Strength Train to Beat Autoimmune and Live Longer


Studies show that grip strength, a simple measure of overall muscle strength, is one of the strongest (pun intended) predictor of chronic disease and all-cause mortality.1

In other words, the muscles of your hands, wrists and fingers that you use to grab, pull or carry things, open jars, do pull ups, or, if you’re so inclined, to hang on a monkey bar, determine better than almost anything to be associated with risk for a wide range of diseases, including cardiovascular disease, stroke, cancer, and increased risk of premature death. Weak muscles, more frailty and worse outcomes; strong muscles, less frailty and generally better outcomes.

In a study published in 2015 in The Lancet, health outcomes of nearly 140,000 people across 17 countries were tracked over four years, using a variety of measures, including grip strength. Grip strength was not only “inversely associated with all-cause mortality” — every 5 kilogram (kg) reduction in grip strength was associated with a 17 percent risk increase. Research team leader, McMaster University professor of medicine Darryl Leong, noted, “Grip strength was a stronger predictor of all-cause and cardiovascular mortality than systolic blood pressure.”

Grip strength has even been found to correlate more closely with aging than chronological aging itself! 2 Science shows that the preservation of muscle strength as we age, through physical activity and exercise, is a critical determinant of disease prevention and longevity.3

Some low grip strength correlations:

  • More sarcopenia (muscle wasting)4
  • Longer hospital stays and 3-fold increased risk of not being discharged alive 5
  • Lowered cognitive performance6

Unfortunately, as a society, our grip strength has declined 20% in one generation. Less manual labor, more automation, more TV shows, video games and social media consumption, and overall more sedentary lives may be to blame.

All this said, you may wonder if the people with the strongest grips live the longest. Unfortunately, researchers can’t make those claims. Men have stronger grips than women but women in general live longer. Just strengthening your grip does not ensure a long, healthy life, as there are many contributing factors at work.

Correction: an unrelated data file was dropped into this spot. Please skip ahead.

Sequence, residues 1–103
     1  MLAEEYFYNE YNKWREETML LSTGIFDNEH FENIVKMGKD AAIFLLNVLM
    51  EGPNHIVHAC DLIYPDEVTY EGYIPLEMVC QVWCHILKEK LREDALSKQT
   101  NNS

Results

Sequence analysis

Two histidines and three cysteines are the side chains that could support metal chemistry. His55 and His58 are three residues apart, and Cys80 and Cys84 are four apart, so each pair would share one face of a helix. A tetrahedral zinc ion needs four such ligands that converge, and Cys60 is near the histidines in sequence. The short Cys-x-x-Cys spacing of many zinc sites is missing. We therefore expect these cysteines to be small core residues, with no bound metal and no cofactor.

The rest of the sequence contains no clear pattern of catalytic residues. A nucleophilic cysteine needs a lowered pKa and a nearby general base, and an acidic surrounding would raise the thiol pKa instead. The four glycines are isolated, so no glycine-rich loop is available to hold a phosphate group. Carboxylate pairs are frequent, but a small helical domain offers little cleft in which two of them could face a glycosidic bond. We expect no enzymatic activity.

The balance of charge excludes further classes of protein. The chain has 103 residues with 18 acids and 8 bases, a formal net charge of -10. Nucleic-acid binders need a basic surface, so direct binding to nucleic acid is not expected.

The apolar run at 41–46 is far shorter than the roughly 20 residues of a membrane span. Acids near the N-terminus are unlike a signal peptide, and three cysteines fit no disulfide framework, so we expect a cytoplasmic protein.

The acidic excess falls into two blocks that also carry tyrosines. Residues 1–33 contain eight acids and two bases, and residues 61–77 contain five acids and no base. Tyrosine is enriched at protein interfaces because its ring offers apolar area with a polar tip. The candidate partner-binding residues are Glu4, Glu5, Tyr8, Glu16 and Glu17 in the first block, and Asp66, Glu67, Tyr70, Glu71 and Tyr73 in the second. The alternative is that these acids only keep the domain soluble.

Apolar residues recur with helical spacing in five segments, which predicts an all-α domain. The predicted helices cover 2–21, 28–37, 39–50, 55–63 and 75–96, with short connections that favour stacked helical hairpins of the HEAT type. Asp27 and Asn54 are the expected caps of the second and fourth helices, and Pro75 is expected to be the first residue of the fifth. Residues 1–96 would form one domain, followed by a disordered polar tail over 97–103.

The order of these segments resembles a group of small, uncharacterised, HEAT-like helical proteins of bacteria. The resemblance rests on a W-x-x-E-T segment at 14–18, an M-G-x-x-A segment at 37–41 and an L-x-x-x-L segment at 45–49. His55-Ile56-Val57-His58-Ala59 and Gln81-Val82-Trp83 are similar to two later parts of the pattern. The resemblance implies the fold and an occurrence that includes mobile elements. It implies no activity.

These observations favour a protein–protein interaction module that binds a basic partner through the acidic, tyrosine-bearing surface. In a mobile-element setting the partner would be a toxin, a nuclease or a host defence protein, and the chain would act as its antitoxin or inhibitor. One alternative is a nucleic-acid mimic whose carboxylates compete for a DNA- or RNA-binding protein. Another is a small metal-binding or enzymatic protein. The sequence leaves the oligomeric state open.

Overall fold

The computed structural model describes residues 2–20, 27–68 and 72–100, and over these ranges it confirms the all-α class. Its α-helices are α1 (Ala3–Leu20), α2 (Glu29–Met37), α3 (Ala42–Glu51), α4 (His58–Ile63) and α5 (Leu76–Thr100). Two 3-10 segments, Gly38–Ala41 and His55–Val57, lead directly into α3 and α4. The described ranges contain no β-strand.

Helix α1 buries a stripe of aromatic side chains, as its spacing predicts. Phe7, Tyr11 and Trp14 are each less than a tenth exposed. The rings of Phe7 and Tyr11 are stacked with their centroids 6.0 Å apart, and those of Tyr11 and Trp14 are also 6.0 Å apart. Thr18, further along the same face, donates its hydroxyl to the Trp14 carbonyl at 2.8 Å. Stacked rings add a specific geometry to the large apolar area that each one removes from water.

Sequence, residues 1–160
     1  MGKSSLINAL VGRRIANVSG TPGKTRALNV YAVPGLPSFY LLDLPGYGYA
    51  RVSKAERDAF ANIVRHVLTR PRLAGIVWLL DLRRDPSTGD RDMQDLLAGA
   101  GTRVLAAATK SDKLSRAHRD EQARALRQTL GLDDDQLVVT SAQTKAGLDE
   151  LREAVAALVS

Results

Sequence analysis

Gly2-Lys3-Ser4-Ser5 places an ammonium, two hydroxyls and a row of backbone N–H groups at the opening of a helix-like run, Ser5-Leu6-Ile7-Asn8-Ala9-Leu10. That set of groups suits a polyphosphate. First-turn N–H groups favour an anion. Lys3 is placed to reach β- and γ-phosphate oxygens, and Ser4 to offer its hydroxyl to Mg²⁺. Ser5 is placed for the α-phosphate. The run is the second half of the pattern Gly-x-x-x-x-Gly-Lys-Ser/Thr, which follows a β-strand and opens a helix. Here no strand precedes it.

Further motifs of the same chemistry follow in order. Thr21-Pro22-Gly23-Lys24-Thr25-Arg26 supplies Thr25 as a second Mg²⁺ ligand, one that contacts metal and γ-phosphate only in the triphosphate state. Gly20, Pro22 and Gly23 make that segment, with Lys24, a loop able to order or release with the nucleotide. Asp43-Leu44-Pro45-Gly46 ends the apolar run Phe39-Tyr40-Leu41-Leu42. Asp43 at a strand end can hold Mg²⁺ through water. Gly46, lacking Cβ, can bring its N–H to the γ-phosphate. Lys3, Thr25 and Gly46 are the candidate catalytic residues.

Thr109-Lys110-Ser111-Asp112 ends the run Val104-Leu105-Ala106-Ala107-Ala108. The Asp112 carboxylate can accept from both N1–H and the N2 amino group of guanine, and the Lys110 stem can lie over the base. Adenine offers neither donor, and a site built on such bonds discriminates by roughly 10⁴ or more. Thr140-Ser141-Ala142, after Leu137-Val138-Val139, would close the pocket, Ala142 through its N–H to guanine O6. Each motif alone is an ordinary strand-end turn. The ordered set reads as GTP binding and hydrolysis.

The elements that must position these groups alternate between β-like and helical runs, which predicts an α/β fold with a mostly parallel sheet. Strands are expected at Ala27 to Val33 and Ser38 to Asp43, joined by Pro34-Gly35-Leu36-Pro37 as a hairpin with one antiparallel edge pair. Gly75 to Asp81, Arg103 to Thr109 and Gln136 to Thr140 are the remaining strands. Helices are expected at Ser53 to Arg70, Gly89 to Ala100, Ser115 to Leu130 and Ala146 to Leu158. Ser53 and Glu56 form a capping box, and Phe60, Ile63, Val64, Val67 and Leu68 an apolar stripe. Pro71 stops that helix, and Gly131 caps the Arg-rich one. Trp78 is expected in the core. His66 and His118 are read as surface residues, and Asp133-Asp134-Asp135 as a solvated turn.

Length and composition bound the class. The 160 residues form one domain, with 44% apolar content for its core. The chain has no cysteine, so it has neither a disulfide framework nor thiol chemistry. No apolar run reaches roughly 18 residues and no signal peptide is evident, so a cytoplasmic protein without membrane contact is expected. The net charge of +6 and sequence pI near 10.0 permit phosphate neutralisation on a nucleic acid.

Best to consider grip strength — and muscle strength in general — as a useful indicator of your own health and longevity trajectory.

What can you do?

  • Get a baseline. Have your physician test your grip strength with a Jamar Hydraulic Hand Dynamometer
  • Add strength (also known as resistance) training to your exercise routine
  • Get free weights or just use your body weight at home
  • Find loads of useful and free strength training videos online. I like which offers a wide variety of levels and durations.
  • Don’t think you have time? Consider the “7-minute workout.” Find the app called “7 Minute Workout Challenge” in the iTunes app store, or just do the Scientific 7 Minute Workout video with Kelli at FitnessBlender
  • Don’t have 7 minutes? Consider the 4 minute metabolism-boosting workout with Zach Bush, MD

I hope you are more motivated now to include strength training in your exercise program! What are some of your favorite ways to work out? You might be interested in reading about how exercise has become Betsy’s autoimmune quality of life preserver.

Take good care!

1 Corsi DJ, Subramanian SV, Chow CK, et al. Prospective Urban Rural Epidemiology (PURE) study: baseline characteristics of the household sample and comparative analyses with national data in 17 countries. Am Heart J. 2013; 166: 636-646
2 Syddall, H., Cooper, C., Martin, F., Briggs, R., & Aihie Sayer, A. Is grip strength a useful single marker of frailty?” Age and Ageing 32, 650–656 (2003).
3 McGrath, R. P., Kraemer, W. J., Snih, S. A., and Peterson, M. D. (2018a). Handgrip strength and health in aging adults. Sports Med. 48, 1993–2000. doi: 10.1007/s40279-018-0952-y
4 Cruz-Jentoft, A.J., et al. Sarcopenia: European consensus on definition and diagnosis: Report of the European working group on Sarcopenia in older people. Age and Ageing 39, 412–23 (2010).
5 Mendes, J., Alves, P., & Amaral, T.F. Comparison of nutritional status assessment parameters in predicting length of hospital stay in cancer patients. Clinical Nutrition 33, 466–470 (2014).
6 Björk, M.P., Johansson, B., & Hassing, L.B. I forgot when I lost my grip — strong associations between cognition and grip strength in level of performance and change across time in relation to impending death. Neurobiology of Aging 38, 68–72 (2016).




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Palmer is a certified Functional Medicine Health Coach who has helped thousands of people reverse autoimmune conditions based on her own two-decade battle to successfully beat multiple sclerosis (MS). She’s the author of the Amazon #1 bestselling book, Beat Autoimmune, which has a powerful foreword by Functional Medicine pioneer, Mark Hyman, MD.

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